Yet to hear some critics, you'd think the $901 million shortfall facing legislators this year is all the result of tax policy. Rep. Scott Inman of Del City, who leads the House Democratic caucus, typified such thinking in a recent Facebook post. Noting that Oklahoma's income tax rate dropped from 5.25 percent to 5 percent on Jan. 1, Inman argued that the income tax cut only "reduced the amount of revenue growth that could have come into the general fund" to spend on things like education, health care and public safety.

He dismissed as "laughable" the idea that allowing Oklahomans to keep more of their own money could contribute to economic activity and growth.

We'll grant that the timing of this income tax cut isn't ideal. Previous tax cuts came from surplus collections during economic booms.

But for too many on the political left, tax increases are the only answer to a downturn. They simply can't imagine that it might be good for government to ever streamline or pare any activity.

Yet as Moody's makes clear, the state's budget problems are almost entirely driven by declining energy prices. The state would face a major shortfall even if no tax cut occurred.

The quarter-point reduction in Oklahoma's income tax will reduce government revenue by $147 million in the coming budget year, according to static analysis. Even if that tax cut were rolled back, the state would still face an enormous shortfall.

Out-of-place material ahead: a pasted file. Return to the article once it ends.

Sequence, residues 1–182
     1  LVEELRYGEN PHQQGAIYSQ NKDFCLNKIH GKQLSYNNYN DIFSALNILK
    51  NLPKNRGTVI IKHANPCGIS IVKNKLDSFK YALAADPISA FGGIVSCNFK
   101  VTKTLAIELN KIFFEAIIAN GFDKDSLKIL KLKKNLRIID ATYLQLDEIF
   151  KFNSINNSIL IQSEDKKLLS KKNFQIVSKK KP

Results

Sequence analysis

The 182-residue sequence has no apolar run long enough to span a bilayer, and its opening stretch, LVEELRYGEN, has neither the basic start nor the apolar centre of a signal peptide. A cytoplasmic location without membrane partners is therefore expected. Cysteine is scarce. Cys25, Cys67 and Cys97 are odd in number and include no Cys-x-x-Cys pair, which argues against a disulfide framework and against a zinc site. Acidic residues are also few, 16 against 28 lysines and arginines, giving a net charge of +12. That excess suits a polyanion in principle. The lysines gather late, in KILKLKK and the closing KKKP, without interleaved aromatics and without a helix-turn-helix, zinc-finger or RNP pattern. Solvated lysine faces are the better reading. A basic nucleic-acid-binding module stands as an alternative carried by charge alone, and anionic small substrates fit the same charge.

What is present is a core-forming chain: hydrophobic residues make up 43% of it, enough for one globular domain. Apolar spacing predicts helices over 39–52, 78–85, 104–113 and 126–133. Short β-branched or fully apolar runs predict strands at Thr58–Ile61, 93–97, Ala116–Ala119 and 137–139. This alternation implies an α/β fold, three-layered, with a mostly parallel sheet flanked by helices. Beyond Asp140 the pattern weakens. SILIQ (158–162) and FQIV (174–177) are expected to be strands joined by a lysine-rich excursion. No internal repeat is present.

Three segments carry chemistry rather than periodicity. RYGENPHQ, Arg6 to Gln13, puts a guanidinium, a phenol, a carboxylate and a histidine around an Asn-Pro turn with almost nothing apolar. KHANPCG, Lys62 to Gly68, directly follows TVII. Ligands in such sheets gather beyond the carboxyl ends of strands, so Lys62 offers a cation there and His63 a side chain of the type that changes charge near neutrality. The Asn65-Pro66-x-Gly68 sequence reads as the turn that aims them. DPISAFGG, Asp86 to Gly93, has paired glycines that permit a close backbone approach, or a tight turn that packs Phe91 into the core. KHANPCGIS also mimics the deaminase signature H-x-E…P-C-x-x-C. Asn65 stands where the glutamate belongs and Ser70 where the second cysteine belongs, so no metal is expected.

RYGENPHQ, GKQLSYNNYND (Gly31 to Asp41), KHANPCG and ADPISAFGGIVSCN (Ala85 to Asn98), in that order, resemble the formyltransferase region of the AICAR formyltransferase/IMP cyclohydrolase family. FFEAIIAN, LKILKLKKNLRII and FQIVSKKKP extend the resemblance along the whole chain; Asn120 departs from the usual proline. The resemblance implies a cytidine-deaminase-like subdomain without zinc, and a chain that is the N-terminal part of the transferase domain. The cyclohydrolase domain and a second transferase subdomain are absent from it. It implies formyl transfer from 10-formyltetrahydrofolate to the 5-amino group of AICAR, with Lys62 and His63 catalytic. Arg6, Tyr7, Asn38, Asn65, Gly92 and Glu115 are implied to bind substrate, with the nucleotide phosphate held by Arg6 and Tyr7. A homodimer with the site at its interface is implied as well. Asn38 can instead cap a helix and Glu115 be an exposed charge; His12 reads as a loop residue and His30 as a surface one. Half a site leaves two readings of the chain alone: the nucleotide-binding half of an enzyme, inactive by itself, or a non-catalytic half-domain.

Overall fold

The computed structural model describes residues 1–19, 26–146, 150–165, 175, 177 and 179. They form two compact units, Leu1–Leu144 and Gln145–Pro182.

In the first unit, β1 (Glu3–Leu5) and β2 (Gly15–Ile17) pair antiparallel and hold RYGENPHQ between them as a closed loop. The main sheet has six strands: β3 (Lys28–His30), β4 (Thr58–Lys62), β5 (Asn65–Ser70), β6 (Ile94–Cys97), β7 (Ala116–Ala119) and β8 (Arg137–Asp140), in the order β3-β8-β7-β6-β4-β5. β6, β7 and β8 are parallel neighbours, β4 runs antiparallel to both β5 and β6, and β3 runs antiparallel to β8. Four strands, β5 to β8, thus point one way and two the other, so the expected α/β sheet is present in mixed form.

When you combine the revenue decline and the loss of one-time funds used in the budget approved by the Legislature in 2015, lawmakers need another $1.1 billion to avoid any spending cuts this year.

Notably, no one's calling for income tax increases sufficient to generate that amount, probably because anyone who did would be run out of town on a rail. That silence indicates even the most partisan tax cut critics realize most Oklahomans would still rather see government spending reduced than have their take-home pay diminished by tax increases.

Tough budget choices lie ahead, and lawmakers need to work together to address this challenge, not engage in cheap political theater. Pretending that Oklahoma's budget woes are driven by a small tax cut, despite objective evidence to the contrary, serves no purpose and benefits no one.


Muskogee Phoenix, Jan. 8, 2016

Armed 'protest' not peaceful

An anti-government group occupying a national wildlife refuge are neither protesters nor peaceful.

The group is occupying the headquarters of the Malheur National Wildlife Refuge in eastern Oregon.

They are "protesting" the prison sentence of local ranchers for burning federal land.

Their mantra appears to be that all federal land belongs to the people and therefore the ranchers convicted of arson did no wrong.

Federal land does belong to the people — all of the people. And therefore, federal land must be administrated by the government to ensure all people have access to it, not just adjacent landowners.

The local ranchers committed a crime against every taxpayer and were justifiably convicted.

The armed occupants of the refuge certainly have the right to protest the conviction and sentence.

But the "protesters" have a lot to learn about peaceful protests.

Peaceful ended when they armed themselves.

Ammon Bundy, a leader of the group, said the group has "no intentions of using force upon anyone."

But he also said they that if "force is used against us, we would defend ourselves."

If you are not willing to leave or be arrested peacefully, then at some point, force will be used against you.

Armed people occupying federal property is an insurrection — not a peaceful protest.

This group could learn a lot from college students in the 1960s and 70s. They protested, without weapons, and peacefully allowed themselves to be arrested.

They made their point without pointing a gun.